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The Black-Tailed Prairie Dog: Social Life of a Burrowing Mammal
by John L. Hoogland
University of Chicago Press, 1995
Paper: 978-0-226-35118-6 | Cloth: 978-0-226-35117-9
Library of Congress Classification QL737.R68H65 1995
Dewey Decimal Classification 599.3232

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ABOUT THIS BOOK
In The Black-Tailed Prairie Dog, John L. Hoogland draws on sixteen years of research at Wind Cave National Park, South Dakota, in the United States to provide this account of prairie dog social behavior. Through comparisons with more than 300 other animal species, he offers new insights into basic theory in behavioral ecology and sociobiology.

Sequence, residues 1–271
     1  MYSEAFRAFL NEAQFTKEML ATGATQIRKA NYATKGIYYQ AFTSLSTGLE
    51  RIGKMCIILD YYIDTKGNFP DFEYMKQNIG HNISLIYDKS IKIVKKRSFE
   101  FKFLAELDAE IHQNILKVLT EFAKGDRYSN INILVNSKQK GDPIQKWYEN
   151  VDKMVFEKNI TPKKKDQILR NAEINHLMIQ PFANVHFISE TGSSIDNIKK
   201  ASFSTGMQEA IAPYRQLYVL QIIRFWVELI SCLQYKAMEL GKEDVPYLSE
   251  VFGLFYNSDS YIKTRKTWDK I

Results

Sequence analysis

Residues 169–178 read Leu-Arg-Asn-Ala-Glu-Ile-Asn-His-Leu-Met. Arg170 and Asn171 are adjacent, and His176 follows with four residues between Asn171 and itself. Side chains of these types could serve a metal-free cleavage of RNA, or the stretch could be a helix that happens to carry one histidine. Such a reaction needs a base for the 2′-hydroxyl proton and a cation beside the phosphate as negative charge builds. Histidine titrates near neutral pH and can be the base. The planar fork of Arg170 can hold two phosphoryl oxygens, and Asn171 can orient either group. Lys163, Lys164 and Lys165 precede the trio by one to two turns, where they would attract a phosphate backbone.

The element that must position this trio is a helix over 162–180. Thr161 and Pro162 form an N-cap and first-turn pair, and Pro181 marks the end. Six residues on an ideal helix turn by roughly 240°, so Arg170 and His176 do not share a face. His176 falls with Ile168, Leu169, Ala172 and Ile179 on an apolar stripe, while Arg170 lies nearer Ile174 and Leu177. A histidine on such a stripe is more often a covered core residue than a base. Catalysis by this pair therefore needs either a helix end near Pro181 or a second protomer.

Hoogland documents interactions within and among families of prairie dogs to examine the advantages and disadvantages of coloniality. By addressing such topics as male and female reproductive success, inbreeding, kin recognition, and infanticide, Hoogland offers a broad view of conflict and cooperation. Among his surprising findings is that prairie dog females sometimes suckle, and at other times kill, the offspring of close kin.

Enhanced by more than 100 photographs, this book illuminates the social organization of a burrowing mammal and raises fundamental questions about current theory. As the most detailed long-term study of any social rodent, The Black-Tailed Prairie Dog will interest not only mammalogists and other vertebrate biologists, but also students of behavioral and evolutionary ecology.

See other books on: Behavior | Mammals | Reproduction | Social behavior in animals | Social Life
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